Nuclear plants are too risky, too expensive, too insecure and too slow to build in the time left us. The danger of nuclear meltdown is top of the list. Fukushima and TEPCO are evidence of the negligent design and operation of nuclear power plants. Far from rescuing capitalism from climate change there is the 'potential' for nuclear meltdowns due to climate collapse. Both Chernobyl and Fukushima were Level 7 (highest known) meltdowns caused by human failure. Chernobyl involved operator error compounded by design deficiencies and inadequate operating instructions. Fukushima was built on a fault line, without adequate protection from a tsunami, and also had major design deficiencies. Climate collapse adds much greater risks of ‘accidents’ as an exponential increase in extreme weather events that will render many existing plants vulnerable to flooding. This is why nuclear plants should be closed down now before they are inundated by storms and floods and no new ones built by big nuclear subsidised by the dominant imperialist states.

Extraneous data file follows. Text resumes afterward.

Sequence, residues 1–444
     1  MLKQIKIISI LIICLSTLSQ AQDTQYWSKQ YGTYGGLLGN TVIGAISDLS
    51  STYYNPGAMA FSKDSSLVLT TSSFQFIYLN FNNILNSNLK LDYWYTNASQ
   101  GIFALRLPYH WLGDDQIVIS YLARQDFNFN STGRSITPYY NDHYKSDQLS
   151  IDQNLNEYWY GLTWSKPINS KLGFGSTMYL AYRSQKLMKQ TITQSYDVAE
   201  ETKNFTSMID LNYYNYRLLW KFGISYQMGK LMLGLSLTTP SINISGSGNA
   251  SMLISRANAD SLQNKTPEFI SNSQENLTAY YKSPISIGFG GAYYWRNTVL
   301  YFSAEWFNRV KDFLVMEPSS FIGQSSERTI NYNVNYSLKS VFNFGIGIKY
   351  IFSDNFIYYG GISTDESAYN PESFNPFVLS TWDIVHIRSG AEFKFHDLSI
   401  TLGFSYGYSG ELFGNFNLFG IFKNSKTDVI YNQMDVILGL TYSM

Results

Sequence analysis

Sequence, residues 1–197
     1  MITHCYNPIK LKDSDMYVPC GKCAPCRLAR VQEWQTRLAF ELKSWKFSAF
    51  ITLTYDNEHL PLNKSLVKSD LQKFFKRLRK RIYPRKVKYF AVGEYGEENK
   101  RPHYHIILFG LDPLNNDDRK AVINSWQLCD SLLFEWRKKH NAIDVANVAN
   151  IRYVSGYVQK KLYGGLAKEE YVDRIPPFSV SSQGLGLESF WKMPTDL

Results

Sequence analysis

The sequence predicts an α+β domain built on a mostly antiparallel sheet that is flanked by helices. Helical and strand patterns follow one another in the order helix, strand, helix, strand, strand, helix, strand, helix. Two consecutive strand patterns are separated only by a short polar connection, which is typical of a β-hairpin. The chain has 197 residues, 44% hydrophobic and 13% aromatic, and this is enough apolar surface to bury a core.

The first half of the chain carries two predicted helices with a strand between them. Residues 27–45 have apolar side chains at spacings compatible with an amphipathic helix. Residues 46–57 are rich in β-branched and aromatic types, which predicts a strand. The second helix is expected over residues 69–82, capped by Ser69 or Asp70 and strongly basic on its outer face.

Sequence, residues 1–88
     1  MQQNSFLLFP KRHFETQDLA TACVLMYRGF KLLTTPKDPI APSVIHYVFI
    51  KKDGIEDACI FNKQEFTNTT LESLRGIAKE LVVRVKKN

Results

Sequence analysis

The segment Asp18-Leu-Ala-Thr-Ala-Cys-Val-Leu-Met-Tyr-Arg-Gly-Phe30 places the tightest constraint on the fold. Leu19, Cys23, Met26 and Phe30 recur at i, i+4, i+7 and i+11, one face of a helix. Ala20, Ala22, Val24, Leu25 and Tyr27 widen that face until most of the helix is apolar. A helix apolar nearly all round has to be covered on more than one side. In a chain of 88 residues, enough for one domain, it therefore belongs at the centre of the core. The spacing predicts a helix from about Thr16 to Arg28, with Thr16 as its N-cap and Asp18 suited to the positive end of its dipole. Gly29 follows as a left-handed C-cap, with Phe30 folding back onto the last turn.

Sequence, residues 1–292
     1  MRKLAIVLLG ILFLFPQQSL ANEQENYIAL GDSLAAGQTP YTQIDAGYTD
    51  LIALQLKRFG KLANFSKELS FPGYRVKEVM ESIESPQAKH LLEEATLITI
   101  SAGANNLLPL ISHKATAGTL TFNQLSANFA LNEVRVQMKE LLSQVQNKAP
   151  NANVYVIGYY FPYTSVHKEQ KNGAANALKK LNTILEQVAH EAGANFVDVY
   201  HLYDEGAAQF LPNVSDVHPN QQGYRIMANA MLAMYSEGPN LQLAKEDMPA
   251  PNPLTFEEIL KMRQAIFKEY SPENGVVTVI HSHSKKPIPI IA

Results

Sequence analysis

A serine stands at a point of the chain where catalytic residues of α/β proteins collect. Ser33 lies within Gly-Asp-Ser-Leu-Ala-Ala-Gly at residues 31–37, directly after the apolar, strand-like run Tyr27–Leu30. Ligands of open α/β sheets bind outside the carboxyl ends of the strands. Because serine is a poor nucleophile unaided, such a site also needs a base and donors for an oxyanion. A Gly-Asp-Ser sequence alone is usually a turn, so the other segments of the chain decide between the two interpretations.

The standard rejoinder of nuclear advocates is that the risk of nuclear meltdowns and resulting harm is vastly overstated by anti-nuclear campaigners. Or at least, as Hansen et al argue, these known dangers are much less than that of carbon induced global warming. The official method of measuring radiation poisoning originates from methods of measuring doses of radiation from nuclear weapons. But obviously there are also longer term environmental and health effects. There are huge differences in which measures one uses. Monbiot, for example, quotes from the UN agency Unscear for his numbers of 43 dead from Chernobyl, while Caldicott and others think this agency covers up and lies about the true extent of health effects and quotes the NY Academy of Sciences review of a mass of epidemiological research. More important than Chernobyl as an indicator of future risk from climate change are the measurable effects of the Fukushima meltdown because they simulate the extreme weather conditions associated with climate collapse.